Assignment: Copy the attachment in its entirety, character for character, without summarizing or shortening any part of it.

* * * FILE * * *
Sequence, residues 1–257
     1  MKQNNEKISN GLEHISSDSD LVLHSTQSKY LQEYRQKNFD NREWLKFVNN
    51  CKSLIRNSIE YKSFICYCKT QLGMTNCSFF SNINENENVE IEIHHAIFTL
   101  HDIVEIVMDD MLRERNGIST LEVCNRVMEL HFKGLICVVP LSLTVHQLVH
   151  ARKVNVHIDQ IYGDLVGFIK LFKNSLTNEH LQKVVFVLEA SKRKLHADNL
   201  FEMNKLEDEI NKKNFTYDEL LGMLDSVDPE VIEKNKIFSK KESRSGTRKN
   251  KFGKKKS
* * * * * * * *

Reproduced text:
Sequence, residues 1–257
     1  MKQNNEKISN GLEHISSDSD LVLHSTQSKY LQEYRQKNFD NREWLKFVNN
    51  CKSLIRNSIE YKSFICYCKT QLGMTNCSFF SNINENENVE IEIHHAIFTL
   101  HDIVEIVMDD MLRERNGIST LEVCNRVMEL HFKGLICVVP LSLTVHQLVH
   151  ARKVNVHIDQ IYGDLVGFIK LFKNSLTNEH LQKVVFVLEA SKRKLHADNL
   201  FEMNKLEDEI NKKNFTYDEL LGMLDSVDPE VIEKNKIFSK KESRSGTRKN
   251  KFGKKKS